OBAMA'S FIRST APPOINTEE TO MEET WITH PRO-ABORTIONISTS IRE
June 21, 2009
Despite her liberal agenda and political credentials, Health and Human Services appointee Alexia Kelley faces opposition by the pro-abortion camp. What? President Obama has appointed someone with whom the far-left has a problem?
Ms. Kelley has political credentials that would make most left-leaning groups happy: She served as a faith adviser to Sen. John Kerry, D-Mass., during his 2004 presidential bid. Last month, she vigorously supported the appointment of pro-abortion Kathleen Sebelius as secretary of Health and Human Services. And Kelley’s group, Catholics in Alliance for the Common Good, encouraged Catholic voters to support pro-abortion candidates in some cases.
But when President Obama tapped Kelley to head the faith office at Health and Human Services (HHS) last week, at least one pro-abortion group cried foul. Despite Kelley’s support for pro-abortion candidates, her organization says it’s pro-life. That’s a position Catholics for Choice (CFC) couldn’t forgive. CFC President Jon O’Brien called Kelley’s appointment “a defeat for reason and logic.”
The dust-up is revealing: During its political convention last August, the Democratic Party trumpeted a new abortion platform that focused on “abortion reduction” and finding a common ground between pro-abortion and pro-life forces. Abortion supporters—including vigorously pro-abortion groups like NARAL—vowed they would protect legalized abortion, but also support government programs aimed at helping women facing unplanned pregnancies. Pro-life supporters, including evangelicals like Jim Wallis and Joel Hunter, said the new platform would allow pro-life forces to make concrete gains toward reducing abortion while it remains legal.
But as Obama builds his administration and crafts life-related policy, trouble may be brewing, especially if pro-abortion groups can’t find common ground among themselves.
No sooner had news surfaced about Kelley’s appointment than CFC released O’Brien’s statement condemning the move, saying it “calls into question whether President Obama’s administration is serious about reducing the need for abortion.” O’Brien said Kelley has emphasized reducing the number of abortions instead of the need for abortion—a major point of contention among many who embrace the abortion reduction plank. (The most adamant pro-abortion forces fear an emphasis on reducing the number of abortions will entail restricting access to abortion.)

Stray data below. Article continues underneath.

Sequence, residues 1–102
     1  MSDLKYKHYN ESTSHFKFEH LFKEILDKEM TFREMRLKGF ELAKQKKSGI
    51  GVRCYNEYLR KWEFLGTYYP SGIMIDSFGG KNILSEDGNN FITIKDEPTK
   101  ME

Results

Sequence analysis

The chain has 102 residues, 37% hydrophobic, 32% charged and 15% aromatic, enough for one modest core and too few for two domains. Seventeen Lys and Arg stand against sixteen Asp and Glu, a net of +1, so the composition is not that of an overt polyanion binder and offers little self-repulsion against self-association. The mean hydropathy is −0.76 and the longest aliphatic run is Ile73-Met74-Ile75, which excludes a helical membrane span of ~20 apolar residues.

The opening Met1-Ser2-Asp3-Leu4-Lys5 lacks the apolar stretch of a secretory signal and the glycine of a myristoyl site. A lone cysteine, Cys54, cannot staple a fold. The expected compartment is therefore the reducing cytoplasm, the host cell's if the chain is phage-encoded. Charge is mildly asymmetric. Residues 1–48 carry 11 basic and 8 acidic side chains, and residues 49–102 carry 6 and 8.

CFC’s former president, Frances Kissling, wrote a blistering column about Kelley on Salon.com, saying that Kelley’s group opposes birth control, a claim Kissling didn’t substantiate, but one that provided anti-Kelley fodder for many in the pro-abortion blogosphere. Kissling added that a person against birth control couldn’t offer comprehensive advice to a federal health department that promotes safe sex.
Sarah Posner of the American Prospectrepeated the birth control claim, saying that Kelley once wrote this about pieces of women’s health legislation: “not all are perfect; some include contraception—which the Church opposes.”
But whether that statement means Kelley is anti-birth control isn’t clear. Her group’s website doesn’t provide a statement on birth control, though it does provide a link to a teen pregnancy prevention site that promotes condom use.
While Catholics for Choice slammed Kelley, another liberal Catholic group slammed Catholics for Choice: Chris Korzen, executive director of Catholics United, praised Kelley and called O’Brien’s statement against her “simplistic, incendiary, and unhelpful.” Jennifer Goff of Kelley’s own Catholic group called the attacks “spurious.” The National Catholic Reporter called her appointment “terrific.”
The inter-club volleys left some wondering: What does Kelley actually believe, and how will it affect her work at HHS? From her public statements so far, it’s hard to tell. Her group does claim a pro-life position, and Posner quotes Kelley from her 2008 book, A Nation for All (co-written with Korzen): “Each abortion constitutes a direct attack on human life, and so we have a special moral obligation to end or reduce the practice of abortion to the greatest extent possible.”
Kelley has promoted the Pregnant Women’s Support Act, legislation aimed at helping women facing unplanned pregnancies. Pro-abortion groups have opposed the bill, while conservative groups like the Southern Baptist Convention have supported it.
But Kelley has been careful when speaking about abortion restrictions—some say she avoids the subject—and her group hasn’t emphasized the legality of abortion. Her middle-of-the-road approach surfaces again in her book: “Culture warriors in America will argue that to be pro-life, we must ensure that the unborn are protected under the law. This would indeed be an ideal situation. But legal status doesn’t always realize the goal that we desire.”
Pro-life groups have criticized the reluctance of Kelley’s group to support abortion restrictions, and for her support of pro-abortion candidates. Some say her difficult-to-discern positions provide little help to the pro-life cause.
If pro-lifers are hoping for seats at Obama’s table, Steve Waldman of Beliefnet doesn’t think the Kelley controversy bodes well: “If pro-choicers object to the appointment of Alexia Kelley then there’s literally no kind of pro-lifer who will be acceptable.”
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